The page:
With polls showing a collapse in support and money reportedly dissipating from the campaign coffers, Newt Gingrich needs a gamechanger — badly. Gingrich has decided that his ideas were his original gamechanger, and he’s going to start focusing on them rather than on attacking his competitors:
Newt Gingrich said he’s backing off his attacks on Mitt Romney and Rick Santorum moving forward, and made little mention of his opponents in his stump speech on Monday.
“I think my ideas are much bolder than Santorum or Romney’s,” Gingrich said when asked why he didn’t mention either during his speech. “I think my ideas are much clearer and more specific and I have to focus on communicating those ideas. The two periods I focused on communicating those ideas I ended up No. 1 in Gallup both times. And we’re going back to doing what we did that worked.”
“When we went back and analyzed it I do dramatically better when I focus on the nation’s problems and I focus on the nation’s solutions,” he said. “I don’t do nearly as well when I focus on my competitors. So we took the lesson that has worked twice in the last 3 months.”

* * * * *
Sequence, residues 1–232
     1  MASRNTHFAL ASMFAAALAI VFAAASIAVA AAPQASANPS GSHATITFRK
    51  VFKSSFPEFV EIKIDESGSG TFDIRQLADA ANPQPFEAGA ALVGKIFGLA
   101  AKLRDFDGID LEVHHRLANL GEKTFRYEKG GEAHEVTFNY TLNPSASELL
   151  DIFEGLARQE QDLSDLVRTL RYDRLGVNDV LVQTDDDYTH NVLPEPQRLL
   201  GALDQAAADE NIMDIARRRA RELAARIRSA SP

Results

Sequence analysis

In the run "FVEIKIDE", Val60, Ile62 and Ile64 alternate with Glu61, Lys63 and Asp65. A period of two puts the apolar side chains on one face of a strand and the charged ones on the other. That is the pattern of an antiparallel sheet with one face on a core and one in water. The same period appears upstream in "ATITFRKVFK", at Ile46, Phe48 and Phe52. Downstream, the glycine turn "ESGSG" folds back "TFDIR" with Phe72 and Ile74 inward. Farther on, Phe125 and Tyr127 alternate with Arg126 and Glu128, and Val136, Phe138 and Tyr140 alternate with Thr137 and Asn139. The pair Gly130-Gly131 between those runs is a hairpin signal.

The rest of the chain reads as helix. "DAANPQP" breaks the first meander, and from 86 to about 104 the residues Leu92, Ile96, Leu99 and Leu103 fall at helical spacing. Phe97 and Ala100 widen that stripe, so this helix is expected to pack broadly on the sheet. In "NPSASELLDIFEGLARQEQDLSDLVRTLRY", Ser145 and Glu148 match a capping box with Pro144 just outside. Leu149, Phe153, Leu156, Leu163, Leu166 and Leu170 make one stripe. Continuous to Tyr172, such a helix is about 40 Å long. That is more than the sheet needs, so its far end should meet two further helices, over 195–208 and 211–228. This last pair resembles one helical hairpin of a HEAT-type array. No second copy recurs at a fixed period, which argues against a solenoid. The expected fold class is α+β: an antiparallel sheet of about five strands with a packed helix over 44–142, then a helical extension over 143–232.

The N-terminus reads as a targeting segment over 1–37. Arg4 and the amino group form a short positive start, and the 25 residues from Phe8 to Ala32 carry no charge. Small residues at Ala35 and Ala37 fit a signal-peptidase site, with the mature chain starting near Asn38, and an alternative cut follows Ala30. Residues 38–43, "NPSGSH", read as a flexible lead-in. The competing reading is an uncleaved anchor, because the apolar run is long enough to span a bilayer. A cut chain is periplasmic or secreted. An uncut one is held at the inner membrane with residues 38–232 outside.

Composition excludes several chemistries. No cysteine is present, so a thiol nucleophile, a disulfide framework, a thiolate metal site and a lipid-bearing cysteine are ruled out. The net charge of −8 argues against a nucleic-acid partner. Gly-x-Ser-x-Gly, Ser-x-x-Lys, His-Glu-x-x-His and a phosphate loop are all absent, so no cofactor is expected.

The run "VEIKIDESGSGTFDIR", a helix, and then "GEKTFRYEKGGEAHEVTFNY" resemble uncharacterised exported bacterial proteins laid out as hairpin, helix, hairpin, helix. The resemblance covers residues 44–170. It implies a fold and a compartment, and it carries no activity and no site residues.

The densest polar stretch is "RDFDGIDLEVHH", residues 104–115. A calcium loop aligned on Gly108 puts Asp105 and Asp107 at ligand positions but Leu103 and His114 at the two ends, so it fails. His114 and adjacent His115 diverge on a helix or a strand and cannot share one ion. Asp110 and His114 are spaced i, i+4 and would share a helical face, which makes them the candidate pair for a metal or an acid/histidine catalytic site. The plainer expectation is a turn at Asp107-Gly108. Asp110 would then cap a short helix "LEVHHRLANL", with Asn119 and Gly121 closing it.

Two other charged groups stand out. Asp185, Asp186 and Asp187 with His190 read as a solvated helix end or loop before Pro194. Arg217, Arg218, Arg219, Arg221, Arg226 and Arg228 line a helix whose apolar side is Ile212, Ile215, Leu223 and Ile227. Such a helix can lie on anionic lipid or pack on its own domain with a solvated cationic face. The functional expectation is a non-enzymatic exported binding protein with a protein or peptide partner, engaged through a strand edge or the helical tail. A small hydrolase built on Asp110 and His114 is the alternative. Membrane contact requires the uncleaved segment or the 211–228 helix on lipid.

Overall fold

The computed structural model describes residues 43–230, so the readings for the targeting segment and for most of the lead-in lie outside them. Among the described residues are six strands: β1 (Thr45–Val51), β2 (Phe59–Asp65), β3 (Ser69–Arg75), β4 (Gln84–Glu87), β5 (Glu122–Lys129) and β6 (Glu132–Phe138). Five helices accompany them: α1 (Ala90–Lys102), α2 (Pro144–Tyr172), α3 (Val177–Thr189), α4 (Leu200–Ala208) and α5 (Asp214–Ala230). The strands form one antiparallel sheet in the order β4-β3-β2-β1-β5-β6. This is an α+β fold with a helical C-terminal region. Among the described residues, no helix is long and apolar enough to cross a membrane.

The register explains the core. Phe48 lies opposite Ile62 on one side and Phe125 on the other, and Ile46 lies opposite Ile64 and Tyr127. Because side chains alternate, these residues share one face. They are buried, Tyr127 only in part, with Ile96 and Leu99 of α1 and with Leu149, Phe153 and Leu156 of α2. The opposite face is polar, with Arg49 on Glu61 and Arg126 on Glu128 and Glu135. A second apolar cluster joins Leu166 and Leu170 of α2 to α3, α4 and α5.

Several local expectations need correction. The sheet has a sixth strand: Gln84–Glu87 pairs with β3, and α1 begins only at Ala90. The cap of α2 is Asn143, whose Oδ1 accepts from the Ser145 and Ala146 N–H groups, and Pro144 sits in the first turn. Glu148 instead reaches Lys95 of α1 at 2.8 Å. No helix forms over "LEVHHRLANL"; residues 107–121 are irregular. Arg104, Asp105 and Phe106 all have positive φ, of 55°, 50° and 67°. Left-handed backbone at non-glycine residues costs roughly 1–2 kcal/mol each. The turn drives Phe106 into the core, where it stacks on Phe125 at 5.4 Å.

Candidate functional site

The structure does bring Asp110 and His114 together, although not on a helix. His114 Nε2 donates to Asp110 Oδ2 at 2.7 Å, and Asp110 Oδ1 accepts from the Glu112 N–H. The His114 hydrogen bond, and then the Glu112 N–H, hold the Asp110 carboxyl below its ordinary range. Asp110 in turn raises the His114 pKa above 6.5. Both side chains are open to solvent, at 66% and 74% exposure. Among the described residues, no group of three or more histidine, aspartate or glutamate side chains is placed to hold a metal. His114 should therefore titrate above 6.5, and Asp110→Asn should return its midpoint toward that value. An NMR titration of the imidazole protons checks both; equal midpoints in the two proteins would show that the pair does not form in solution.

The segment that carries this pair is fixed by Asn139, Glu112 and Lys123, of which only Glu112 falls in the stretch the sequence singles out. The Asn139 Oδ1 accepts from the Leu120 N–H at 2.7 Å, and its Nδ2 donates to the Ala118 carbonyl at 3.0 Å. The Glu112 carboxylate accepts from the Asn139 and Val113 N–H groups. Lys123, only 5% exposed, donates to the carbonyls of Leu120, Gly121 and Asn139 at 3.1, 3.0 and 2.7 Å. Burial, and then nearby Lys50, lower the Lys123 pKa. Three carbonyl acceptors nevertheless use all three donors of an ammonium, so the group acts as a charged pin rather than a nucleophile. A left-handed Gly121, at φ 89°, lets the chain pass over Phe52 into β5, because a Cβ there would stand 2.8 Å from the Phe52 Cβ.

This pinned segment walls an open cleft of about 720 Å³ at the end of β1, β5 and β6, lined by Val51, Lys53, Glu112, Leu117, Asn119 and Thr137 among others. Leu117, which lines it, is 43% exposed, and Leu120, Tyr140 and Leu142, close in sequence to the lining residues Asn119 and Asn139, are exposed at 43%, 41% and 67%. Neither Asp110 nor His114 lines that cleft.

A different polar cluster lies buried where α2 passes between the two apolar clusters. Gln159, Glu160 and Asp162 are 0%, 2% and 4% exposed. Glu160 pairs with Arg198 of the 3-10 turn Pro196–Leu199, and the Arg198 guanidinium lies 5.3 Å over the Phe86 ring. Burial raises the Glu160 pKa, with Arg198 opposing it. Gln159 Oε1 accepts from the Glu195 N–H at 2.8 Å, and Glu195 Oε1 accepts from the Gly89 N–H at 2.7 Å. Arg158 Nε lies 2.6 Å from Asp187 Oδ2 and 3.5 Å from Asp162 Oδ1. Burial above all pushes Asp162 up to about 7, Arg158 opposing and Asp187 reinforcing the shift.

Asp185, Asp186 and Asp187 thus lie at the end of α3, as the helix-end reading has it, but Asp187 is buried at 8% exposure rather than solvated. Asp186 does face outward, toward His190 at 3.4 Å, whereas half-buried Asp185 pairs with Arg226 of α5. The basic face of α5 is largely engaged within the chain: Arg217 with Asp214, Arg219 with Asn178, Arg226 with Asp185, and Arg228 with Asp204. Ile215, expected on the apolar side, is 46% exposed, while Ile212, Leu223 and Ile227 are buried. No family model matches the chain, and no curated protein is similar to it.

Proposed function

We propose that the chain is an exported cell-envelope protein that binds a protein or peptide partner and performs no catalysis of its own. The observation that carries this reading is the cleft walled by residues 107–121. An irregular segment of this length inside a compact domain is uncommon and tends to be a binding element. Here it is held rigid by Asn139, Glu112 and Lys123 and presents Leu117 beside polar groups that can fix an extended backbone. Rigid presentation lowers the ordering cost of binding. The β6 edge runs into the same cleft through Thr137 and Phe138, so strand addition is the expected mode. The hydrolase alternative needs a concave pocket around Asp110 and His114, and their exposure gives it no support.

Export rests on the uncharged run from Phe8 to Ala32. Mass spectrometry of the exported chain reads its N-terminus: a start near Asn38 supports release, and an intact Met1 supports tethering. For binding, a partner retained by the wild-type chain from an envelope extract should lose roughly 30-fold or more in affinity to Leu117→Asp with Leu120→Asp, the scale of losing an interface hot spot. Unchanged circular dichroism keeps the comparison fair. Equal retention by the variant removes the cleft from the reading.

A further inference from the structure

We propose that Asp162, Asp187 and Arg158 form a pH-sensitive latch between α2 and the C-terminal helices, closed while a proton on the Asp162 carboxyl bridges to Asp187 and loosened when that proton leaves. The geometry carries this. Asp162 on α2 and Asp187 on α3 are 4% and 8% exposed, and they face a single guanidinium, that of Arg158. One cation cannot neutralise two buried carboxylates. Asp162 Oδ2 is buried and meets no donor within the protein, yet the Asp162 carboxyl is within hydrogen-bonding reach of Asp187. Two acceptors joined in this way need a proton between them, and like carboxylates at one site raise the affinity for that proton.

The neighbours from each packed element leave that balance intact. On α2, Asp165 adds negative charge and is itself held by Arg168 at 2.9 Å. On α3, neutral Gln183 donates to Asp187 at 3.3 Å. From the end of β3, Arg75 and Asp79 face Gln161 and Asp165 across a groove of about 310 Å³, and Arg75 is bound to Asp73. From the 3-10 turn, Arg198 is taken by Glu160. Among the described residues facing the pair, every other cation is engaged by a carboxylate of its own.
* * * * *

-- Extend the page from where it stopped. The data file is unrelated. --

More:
That is an interesting shift in strategy, and one that could produce some positive results. The key test will be on February 22nd, when the next debate takes place in Arizona six days before voters in that state and in Michigan vote in binding primaries. If Gingrich can focus on just picking apart the economic plans from Rick Santorum and Mitt Romney without getting personal, he might recover some of his standing with conservatives who have shifted in large part to Santorum, and who have done so in large part because of the positive manner in which Santorum has campaigned.
The question will be whether that will make much of a difference at this point. With Gingrich languishing in third place (or lower), the other two candidates probably won’t want to mix it up with him, and unless the attacks start to sting, probably will just re-emphasize how their plans work. Romney and Santorum are much more likely to go after each other than with Gingrich, and Santorum has scored points on Romney in many of those exchanges in past debates. Romney might just stick with his usual strategy to stay above the fray and focus on himself, ignoring any criticism from the candidates in an attempt to appear presidential.
Given the recent track of polling momentum, Gingrich will have to paint some very clear distinctions between his ideas and those of Romney and Santorum. If he can manage to do that without making it look personal as he did in Florida and Nevada, he might at least stop the bleeding.